The rubber workers, now deprived of their income, remained in the periphery of Manaus in search of ways to ameliorate their condition. There, because of lack of housing, they began in the 1920s the construction of the cidade flutuante ("floating city"), a type of residence that was consolidated in the 1960s.

The central government of Brazil even created an organ with the objective of stemming the crisis, named the Superintendência de Defesa da Borracha ("Superintendency of Defence of Rubber"), but the organization was inefficient and was not able to effect real changes, and, for this reason, was eliminated soon after its creation.

In the 1930s, Henry Ford, the United States automobile pioneer, undertook the cultivation of rubber trees in the Amazon region, and established the city of Fordlândia, in the west part of Pará state, specifically for this end, but the initiative was not successful because the plantation suffered from a leaf pest.

The second rubber boom, 1942-1945

The Amazon again experienced a rubber boom during the Second World War, although it was of brief duration. As Japan dominated the eastern Pacific Ocean from the beginning of 1942 and invaded Malaysia, the rubber plantations there came under their control, which resulted in the loss of 97% of Asiatic rubber production.

This resulted in the implementation of new elements, including infrastructure, in Belém and Manaus, this time on the behalf of the United States. An example of this is the Grande Hotel, a luxurious hotel constructed in Belém in only three years, which today is the Hilton Hotel.

The rubber battle

With the enlisting of the northeastern Brazilians, Brazilian president Getúlio Vargas reduced the problem of the economic blight and at the same time gave new impetus to the colonization of the Amazon Basin.

Anxious to find a way to resolve this impasse and, at the same time, supply the Allied Forces with the rubber needed for war equipment, the Brazilian government made and agreement with the United States government (the Washington Accords), which resulted in the large-scale extraction of Amazon latex, an operation which became known as the Batalha da borracha ("rubber battle").

As the rubber forests had been abandoned and no more than 35,000 workers remained in the region, the great challenge of Brazil was to increase the annual production of latex from 18,000 to 45,000 tons, as set in the agreement. For this, 100,000 men were needed.

The Estado Novo in 1943 ordered the compulsory enlisting of workers in the Serviço Especial de Mobilização de Trabalhadores para a Amazônia (SEMTA; "Special Service of Mobilization of Workers for the Amazon"), based in the northeast, in Fortaleza. The choice of the Northeast as the center was a response to a devastating drought in the region and to the unprecedented crisis that the farmers in the region confronted.

In addition to SEMTA, the government created other organizations to support the rubber battle: the Superintendência para o Abastecimento do Vale da Amazônia (Sava: the Superintendency for the Provisioning of the Amazon Valley), the Serviço Especial de Saúde Pública (Sesp: the Special Service of Public Health), and the Serviço de Navegação da Amazônia e de Administração do Porto do Pará (Snapp: Navigation Serice of the Amazon and Administration of the Port of Pará). The Banco de Crédito da Borracha (Rubber Credit Bank) was also created, which later in 1950 became the Banco de Crédito da Amazônia (Amazon Credit Bank).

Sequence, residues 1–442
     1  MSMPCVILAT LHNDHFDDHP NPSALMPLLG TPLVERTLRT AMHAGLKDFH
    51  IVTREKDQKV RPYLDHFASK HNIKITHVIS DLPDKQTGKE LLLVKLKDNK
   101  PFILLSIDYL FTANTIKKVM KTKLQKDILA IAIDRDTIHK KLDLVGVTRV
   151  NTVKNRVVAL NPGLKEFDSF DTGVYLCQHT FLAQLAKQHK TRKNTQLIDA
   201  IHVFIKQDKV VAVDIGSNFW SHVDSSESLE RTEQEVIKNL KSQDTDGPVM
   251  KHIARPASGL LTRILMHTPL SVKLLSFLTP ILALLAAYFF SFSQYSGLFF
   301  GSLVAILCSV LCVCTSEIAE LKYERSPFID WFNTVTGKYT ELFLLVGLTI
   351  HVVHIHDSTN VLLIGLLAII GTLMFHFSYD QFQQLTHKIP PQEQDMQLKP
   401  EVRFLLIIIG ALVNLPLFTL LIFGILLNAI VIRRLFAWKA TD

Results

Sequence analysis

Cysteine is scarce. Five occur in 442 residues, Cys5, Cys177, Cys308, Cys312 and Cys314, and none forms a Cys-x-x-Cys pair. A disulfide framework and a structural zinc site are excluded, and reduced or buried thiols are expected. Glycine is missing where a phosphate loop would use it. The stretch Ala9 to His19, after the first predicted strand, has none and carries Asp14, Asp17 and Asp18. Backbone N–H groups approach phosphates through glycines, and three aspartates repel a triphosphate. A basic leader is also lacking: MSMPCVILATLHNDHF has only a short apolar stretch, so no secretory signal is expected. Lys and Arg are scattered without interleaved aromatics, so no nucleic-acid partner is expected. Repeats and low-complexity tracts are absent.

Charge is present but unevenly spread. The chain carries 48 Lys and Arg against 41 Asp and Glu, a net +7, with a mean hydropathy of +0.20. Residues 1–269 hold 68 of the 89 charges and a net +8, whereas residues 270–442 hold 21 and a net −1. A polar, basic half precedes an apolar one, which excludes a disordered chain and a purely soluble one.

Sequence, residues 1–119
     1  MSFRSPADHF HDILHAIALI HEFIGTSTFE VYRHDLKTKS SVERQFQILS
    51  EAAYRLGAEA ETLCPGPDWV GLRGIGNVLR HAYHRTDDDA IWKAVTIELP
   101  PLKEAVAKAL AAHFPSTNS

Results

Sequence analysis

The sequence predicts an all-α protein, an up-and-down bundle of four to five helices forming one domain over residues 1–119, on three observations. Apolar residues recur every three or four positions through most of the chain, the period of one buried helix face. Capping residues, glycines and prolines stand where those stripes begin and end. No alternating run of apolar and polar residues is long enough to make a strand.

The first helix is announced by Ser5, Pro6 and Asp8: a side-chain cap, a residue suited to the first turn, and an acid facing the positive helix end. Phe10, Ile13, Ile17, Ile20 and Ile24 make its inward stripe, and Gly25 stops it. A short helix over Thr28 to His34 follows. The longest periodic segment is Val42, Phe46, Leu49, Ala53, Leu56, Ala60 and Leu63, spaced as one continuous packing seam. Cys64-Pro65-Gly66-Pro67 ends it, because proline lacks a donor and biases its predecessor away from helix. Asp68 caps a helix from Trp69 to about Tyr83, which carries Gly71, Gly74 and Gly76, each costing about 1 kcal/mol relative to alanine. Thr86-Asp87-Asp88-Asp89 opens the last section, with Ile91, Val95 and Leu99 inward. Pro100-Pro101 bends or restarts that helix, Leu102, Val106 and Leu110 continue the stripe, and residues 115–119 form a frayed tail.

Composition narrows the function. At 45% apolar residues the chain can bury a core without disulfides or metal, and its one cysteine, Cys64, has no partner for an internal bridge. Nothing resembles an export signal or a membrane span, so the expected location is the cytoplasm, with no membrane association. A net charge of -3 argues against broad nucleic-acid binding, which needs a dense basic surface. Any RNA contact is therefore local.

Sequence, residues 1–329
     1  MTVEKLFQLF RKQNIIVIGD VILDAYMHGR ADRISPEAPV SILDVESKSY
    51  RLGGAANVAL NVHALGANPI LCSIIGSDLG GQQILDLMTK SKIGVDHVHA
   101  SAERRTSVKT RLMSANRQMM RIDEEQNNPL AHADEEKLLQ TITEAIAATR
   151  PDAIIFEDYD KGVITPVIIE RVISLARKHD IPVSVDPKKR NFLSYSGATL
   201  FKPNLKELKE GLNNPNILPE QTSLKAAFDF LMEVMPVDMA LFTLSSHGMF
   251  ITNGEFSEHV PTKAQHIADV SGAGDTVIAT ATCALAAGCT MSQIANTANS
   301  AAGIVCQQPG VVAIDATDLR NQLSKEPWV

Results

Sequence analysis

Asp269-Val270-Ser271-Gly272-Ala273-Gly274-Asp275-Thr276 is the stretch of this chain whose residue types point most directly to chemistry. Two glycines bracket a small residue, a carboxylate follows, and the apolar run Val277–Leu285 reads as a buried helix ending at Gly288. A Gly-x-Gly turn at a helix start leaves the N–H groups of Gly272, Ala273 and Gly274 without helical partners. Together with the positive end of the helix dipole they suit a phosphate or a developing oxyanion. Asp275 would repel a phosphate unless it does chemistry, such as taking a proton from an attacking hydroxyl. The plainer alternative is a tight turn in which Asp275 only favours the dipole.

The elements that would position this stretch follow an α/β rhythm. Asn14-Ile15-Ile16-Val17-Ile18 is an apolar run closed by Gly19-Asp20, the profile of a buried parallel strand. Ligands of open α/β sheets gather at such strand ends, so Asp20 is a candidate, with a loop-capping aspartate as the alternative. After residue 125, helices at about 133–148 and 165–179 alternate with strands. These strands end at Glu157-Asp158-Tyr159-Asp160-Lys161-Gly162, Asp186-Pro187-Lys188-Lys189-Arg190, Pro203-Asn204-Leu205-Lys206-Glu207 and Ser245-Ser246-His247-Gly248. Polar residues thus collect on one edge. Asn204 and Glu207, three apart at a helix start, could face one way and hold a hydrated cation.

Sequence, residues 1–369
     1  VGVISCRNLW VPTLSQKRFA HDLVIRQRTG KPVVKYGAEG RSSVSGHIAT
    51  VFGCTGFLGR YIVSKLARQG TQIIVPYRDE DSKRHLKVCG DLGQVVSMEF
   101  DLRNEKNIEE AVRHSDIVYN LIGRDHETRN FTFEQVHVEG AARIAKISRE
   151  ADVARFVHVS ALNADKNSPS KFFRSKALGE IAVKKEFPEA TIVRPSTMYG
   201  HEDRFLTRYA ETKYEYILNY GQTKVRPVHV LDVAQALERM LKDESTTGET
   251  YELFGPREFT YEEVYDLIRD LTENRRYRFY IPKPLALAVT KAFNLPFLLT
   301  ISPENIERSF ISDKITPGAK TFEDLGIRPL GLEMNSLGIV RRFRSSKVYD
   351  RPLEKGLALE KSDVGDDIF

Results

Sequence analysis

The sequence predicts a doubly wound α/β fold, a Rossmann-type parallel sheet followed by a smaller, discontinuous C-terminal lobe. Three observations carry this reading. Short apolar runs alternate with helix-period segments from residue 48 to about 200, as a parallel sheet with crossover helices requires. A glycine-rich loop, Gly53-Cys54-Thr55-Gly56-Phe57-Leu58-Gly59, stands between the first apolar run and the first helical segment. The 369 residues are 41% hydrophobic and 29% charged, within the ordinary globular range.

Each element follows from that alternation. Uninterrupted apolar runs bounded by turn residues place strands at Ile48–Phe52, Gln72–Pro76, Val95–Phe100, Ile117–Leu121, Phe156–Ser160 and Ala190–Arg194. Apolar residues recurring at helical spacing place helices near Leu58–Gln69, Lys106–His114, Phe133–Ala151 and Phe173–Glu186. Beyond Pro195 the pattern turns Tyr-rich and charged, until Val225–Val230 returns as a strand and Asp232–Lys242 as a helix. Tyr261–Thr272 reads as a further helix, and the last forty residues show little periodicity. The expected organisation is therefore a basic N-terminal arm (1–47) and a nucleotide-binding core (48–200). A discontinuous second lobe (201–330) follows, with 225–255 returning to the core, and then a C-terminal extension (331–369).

The United States government paid the Brazilian government $100 for every worker delivered to the Amazon

The international organization Rubber Development Corporation (RDC), financed with capital from United States industries, covered the expenses of relocating the migrants (known at the time as brabos). The United States government paid the Brazilian government $100 for every worker delivered to the Amazon.

Thousands of workers from various regions of Brazil were transported under force to obligatory servitude and death by diseases against which they had no immunity. The northeast region sent 54,000 workers to the Amazon alone, 30,000 of which were from Ceará. These new rubber workers were called soldados da borracha ("rubber soldiers") in a clear allusion to the role of the latex in supplying the U.S. factories with the rubber necessary to fight the war.

Manaus had, in 1849, 5,000 inhabitants, and, in a half-century, grew to 70,000. During World War II the region again experienced prosperity. Money began to circulate in Manaus, Belém, and other cities and towns nearby and the regional economy gained strength.

Each migrant signed a contract with SEMTA which offered a small salary for the worker during their transport to the Amazon region. Upon arrival, they received a payment of 60% of the total profit which had been obtained with the rubber. The basic kit they received included basic clothing, eating equipment, a net, and a carton of Colomy cigarettes. After being recruited, the volunteers were placed in specially-built housing, under strict military watch, and then sent into the Amazon, on trips which could last two to three months.

Mosquito, the vector of malaria and yellow fever, diseases which caused many deaths among the rubber workers

Meanwhile, for many workers, it was a one-way journey. About 30,000 rubber workers died abandoned in the Amazon, after having exhausted their energies extracting the "white gold." They died of malaria, yellow fever, and hepatitis[2], and were attacked by animals such as panthers, serpents, and scorpions. The Brazilian government also did not fulfill its promise to return the "rubber soldiers" to their homes at the end of the war as heroes and with housing comparable to that of the military.[3]. It is calculated that only about 6,000 workers managed to return to their homes, at their own expense.

Legacy

The abrupt end of the first and second rubber boom demonstrate the entrepreneurial incapacity and the lack of vision of the dominant class and politicians of the region. The end of the war brought the loss of the chance to correct the mistakes made after the first rubber boom. No effective plan of regional sustainable development was made, which had the result that as soon as the war ended, the economies of both the winners and losers reorganized in Europe and Asia, and brought to an end the production of the old and inefficient rubber workers in the Amazon.

References

Notes

External links

Further reading

  • Barbara Weinstein. The Amazon Rubber Boom, 1850-1920. Stanford University Press, 1983. ISBN 0804711682
This article is based on a translation of the corresponding article from the Portuguese Wikipedia.

 

All translations of Rubber_boom